else?  Which direction is +ve and which direction is -ve?  What is the
origin used for the transformation?  The documentation's got nothing to say
on this, and my common sense' can come up with at least two dozen
different ways of interpreting the number 167 in this context with at least
three unknown variables.  Given that my version of common sense' normally
disagrees with the version of common sense' used by TeX macro writers, and
given that I've come up with too many different unknown variables to be
able to make any sense out of careful random changes, I can get nowhere.

> > Can you say \frompl{xxx} (needs xxx.pl)?  (not mentioned in any
>yes, sure.

Right - thanks.

> > The \fake_shape_ definition mentions ligfull installation (if possible) and
> > expert encoding amongst other things.  How do these relate to your
> > explanation above, and what does a ligfull installation *mean*?
>ligfull installation means that the ligature information in the AFM
>file is copied to the output metric

Right.  How is it possible to do any other sort of installation, and why
would you want to?

> > >\latinfamily calls\latin_weights which executes \latin_widths which
> > >executes \latin_shapes which executes \latin_encodings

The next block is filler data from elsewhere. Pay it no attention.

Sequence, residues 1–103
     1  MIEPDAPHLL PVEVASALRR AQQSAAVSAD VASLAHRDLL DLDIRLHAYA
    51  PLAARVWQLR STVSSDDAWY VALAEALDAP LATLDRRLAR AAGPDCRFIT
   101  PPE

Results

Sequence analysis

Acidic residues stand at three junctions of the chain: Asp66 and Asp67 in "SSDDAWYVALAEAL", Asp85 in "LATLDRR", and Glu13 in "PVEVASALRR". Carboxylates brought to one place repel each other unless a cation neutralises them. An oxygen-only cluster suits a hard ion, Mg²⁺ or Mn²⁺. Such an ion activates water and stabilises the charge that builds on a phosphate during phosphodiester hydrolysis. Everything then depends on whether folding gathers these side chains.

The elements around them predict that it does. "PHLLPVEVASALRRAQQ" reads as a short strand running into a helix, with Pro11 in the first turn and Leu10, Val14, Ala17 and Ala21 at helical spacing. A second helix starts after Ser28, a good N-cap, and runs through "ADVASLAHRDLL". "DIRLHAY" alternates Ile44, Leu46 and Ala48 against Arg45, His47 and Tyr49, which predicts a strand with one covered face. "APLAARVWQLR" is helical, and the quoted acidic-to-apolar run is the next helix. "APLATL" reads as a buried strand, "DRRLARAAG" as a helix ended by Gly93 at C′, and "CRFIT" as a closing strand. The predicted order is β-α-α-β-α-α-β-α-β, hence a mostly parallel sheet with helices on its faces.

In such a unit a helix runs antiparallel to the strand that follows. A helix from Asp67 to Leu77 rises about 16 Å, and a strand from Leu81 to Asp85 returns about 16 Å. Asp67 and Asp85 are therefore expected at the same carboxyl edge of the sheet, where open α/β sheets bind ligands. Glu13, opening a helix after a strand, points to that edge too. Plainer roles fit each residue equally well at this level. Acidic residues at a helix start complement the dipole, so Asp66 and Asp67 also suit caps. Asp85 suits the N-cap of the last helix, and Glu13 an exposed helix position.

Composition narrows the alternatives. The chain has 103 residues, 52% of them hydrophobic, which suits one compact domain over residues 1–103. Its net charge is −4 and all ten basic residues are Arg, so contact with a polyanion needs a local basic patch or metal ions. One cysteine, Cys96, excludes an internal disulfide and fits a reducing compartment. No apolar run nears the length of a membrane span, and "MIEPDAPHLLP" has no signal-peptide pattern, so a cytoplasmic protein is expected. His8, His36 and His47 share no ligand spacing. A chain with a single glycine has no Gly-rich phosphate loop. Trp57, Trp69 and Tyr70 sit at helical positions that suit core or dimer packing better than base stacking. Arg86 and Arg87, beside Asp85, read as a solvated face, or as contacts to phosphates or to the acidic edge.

> >
> > Yes, but what does that mean?  You've told me the order of execution but I
> > don't know what any of those macros do, nor do I know anything about how
> > they are called.  You see what I mean about the explanations being noise?
>no, i dont see. i dont know how to say it any clearer!

Well, you give \latinfamily some arguments.  It does something with these
arguments which cause it to process the contents of some files and produce
output in other files.  This I know from my own observations.  What I
*don't* know is what processes cause the output to be produced from the
input.  A brief glance at the fontinst source code is enough to tell me
that:

> > >\latinfamily calls\latin_weights which executes \latin_widths which
> > >executes \latin_shapes which executes \latin_encodings

In other words, telling me this provides me with exactly no new
information: it's something that even I can work out from the fontinst
source code and is understood in detail by very few people indeed.

The thing is, I haven't the slightest idea what any of these macros do in
terms of input and output (input afms etc to output pls and vpls).  I've
failed to work out what they do in terms of the arguments to \latinfamily,
what they do in terms of the input files, and what they do in terms of the

> > \latinfamily calls\xyykjshj which executes \lweoijns which
> > executes \kajhfgkjn which executes \awndgzjn?
>fine. whats the problem? then i just have to see what \lweoijns does.

The problem is that if you don't know what any of the macros do, why they
do it, what the \latinfamily command does in detail, and you can't find out
any of these things, you're sunk.  I can follow the sequence of macros, but
I always run into one which I can't interpret: the first one in this list
is \latinfamily.

> > It did last time I used it; I've been wondering how to get it to write
> > *useful* 8r fd files rather than have to make them by hand.  The version
>Ulrik pointed out a bug in my stuff which had bad effects....

Fine - but I still don't understand anything much to do with fontinst.